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      Small Molecule Inhibitor of CBFβ-RUNX Binding for RUNX Transcription Factor Driven Cancers


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          Transcription factors have traditionally been viewed with skepticism as viable drug targets, but they offer the potential for completely novel mechanisms of action that could more effectively address the stem cell like properties, such as self-renewal and chemo-resistance, that lead to the failure of traditional chemotherapy approaches. Core binding factor is a heterodimeric transcription factor comprised of one of 3 RUNX proteins (RUNX1-3) and a CBFβ binding partner. CBFβ enhances DNA binding of RUNX subunits by relieving auto-inhibition. Both RUNX1 and CBFβ are frequently mutated in human leukemia. More recently, RUNX proteins have been shown to be key players in epithelial cancers, suggesting the targeting of this pathway could have broad utility. In order to test this, we developed small molecules which bind to CBFβ and inhibit its binding to RUNX. Treatment with these inhibitors reduces binding of RUNX1 to target genes, alters the expression of RUNX1 target genes, and impacts cell survival and differentiation. These inhibitors show efficacy against leukemia cells as well as basal-like (triple-negative) breast cancer cells. These inhibitors provide effective tools to probe the utility of targeting RUNX transcription factor function in other cancers.

          Graphical Abstract


          • Small molecule inhibitors of CBFβ-RUNX protein-protein interaction developed.

          • Inhibitors alter occupancy of RUNX1 on target genes and alter their expression.

          • Inhibitors show efficacy against leukemia cell lines and basal-like (triple negative) breast cancer cell lines.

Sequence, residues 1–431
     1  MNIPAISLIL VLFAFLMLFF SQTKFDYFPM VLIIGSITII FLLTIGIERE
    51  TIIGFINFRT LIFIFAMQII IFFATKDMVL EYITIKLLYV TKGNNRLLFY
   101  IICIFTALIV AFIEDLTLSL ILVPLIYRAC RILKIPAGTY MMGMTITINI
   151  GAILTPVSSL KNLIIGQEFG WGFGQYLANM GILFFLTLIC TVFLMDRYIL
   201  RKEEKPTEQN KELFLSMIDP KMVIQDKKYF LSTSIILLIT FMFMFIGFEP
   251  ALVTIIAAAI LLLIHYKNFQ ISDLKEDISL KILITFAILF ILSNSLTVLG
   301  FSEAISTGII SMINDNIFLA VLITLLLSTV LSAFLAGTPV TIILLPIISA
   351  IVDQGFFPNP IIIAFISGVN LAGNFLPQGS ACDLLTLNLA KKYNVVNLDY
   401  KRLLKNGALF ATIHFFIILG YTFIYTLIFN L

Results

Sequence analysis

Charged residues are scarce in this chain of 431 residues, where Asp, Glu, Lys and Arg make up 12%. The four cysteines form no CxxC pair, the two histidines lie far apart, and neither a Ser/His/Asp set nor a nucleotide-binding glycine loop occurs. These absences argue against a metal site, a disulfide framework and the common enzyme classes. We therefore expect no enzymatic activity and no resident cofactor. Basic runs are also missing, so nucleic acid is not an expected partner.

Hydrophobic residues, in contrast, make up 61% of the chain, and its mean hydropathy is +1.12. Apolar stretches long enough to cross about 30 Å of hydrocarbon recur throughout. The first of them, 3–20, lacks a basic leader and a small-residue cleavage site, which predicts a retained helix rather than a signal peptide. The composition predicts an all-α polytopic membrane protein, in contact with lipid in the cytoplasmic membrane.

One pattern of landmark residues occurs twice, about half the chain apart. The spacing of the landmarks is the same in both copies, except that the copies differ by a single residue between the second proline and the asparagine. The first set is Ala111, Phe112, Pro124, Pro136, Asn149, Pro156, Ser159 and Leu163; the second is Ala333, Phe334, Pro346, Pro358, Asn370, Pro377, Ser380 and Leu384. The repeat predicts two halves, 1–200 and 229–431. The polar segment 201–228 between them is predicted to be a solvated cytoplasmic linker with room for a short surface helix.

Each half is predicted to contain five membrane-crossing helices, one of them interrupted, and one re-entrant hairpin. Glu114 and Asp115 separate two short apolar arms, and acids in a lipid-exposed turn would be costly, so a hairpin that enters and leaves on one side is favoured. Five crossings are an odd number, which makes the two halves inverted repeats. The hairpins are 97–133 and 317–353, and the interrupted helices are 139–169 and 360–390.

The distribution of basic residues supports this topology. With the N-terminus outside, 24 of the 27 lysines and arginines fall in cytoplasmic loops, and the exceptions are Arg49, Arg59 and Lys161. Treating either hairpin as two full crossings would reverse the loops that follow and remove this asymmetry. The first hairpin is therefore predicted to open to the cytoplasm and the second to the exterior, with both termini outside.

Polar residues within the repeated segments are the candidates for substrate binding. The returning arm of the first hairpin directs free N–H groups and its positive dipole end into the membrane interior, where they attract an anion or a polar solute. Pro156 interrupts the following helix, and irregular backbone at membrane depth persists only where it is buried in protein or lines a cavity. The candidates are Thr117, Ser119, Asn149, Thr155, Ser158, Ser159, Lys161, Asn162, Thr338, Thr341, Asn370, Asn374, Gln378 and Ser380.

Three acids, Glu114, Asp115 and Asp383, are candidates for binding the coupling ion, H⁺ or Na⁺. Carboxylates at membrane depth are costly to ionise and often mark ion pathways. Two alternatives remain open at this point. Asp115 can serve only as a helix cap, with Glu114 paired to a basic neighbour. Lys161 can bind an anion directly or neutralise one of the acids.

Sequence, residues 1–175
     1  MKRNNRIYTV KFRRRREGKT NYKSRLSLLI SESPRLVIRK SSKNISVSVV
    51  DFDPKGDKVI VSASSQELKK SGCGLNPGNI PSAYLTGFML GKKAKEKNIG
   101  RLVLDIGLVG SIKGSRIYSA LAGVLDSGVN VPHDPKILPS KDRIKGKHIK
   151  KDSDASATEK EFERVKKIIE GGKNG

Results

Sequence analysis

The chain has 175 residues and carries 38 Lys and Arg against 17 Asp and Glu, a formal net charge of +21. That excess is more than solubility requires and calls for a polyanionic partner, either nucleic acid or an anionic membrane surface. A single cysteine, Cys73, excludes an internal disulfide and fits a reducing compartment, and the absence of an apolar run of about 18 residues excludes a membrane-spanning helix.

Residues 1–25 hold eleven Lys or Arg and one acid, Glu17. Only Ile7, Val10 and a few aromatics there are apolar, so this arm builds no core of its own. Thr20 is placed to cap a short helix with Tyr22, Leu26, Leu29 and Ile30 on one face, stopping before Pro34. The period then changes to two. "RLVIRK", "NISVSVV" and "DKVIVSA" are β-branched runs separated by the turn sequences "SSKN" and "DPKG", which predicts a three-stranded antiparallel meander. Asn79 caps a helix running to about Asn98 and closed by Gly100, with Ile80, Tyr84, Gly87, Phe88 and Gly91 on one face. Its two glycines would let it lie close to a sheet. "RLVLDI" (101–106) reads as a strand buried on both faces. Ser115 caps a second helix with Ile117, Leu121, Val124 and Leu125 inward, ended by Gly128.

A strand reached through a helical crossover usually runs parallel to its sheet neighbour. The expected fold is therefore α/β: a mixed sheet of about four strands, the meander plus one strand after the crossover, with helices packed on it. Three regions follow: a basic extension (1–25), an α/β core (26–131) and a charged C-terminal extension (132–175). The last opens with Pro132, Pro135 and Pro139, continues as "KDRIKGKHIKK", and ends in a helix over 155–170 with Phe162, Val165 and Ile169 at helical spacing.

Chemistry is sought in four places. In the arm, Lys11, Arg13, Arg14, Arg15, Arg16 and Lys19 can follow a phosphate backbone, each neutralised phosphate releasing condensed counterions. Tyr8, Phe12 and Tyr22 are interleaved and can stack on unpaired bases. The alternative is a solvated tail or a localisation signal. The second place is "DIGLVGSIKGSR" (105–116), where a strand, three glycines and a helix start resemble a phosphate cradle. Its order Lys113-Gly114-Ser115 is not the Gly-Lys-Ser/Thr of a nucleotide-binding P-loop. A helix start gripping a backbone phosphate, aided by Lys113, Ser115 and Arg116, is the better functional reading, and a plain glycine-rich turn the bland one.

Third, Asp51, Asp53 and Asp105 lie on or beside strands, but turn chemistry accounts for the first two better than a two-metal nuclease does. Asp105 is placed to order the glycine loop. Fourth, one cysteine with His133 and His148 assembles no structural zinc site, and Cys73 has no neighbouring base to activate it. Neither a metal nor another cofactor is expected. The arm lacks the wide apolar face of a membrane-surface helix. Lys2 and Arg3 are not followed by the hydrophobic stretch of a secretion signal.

Transcription factors are proteins that bind to DNA and regulate how much of other proteins are made. We describe the development of inhibitors of the interaction between two transcription factors, CBFβ and RUNX. Both these transcription factors are the targets of alterations in human leukemia as well as in a number of solid tumors. The inhibitor changes the behavior of the RUNX transcription factor and alters the levels of proteins it regulates. We show these inhibitors may have potential utility for leukemia as well as one specific type of breast cancer which has a very poor prognosis.

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          Most cited references37

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          Morphogenesis and oncogenesis of MCF-10A mammary epithelial acini grown in three-dimensional basement membrane cultures.

          The three-dimensional culture of MCF-10A mammary epithelial cells on a reconstituted basement membrane results in formation of polarized, growth-arrested acini-like spheroids that recapitulate several aspects of glandular architecture in vivo. Oncogenes introduced into MCF-10A cells disrupt this morphogenetic process, and elicit distinct morphological phenotypes. Recent studies analyzing the mechanistic basis for phenotypic heterogeneity observed among different oncogenes (e.g., ErbB2, cyclin D1) have illustrated the utility of this three-dimensional culture system in modeling the biological activities of cancer genes, particularly with regard to their ability to disrupt epithelial architecture during the early aspects of carcinoma formation. Here we provide a collection of protocols to culture MCF-10A cells, to establish stable pools expressing a gene of interest via retroviral infection, as well as to grow and analyze MCF-10A cells in three-dimensional basement membrane culture.
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            Small-molecule inhibitors of protein-protein interactions: progressing toward the reality.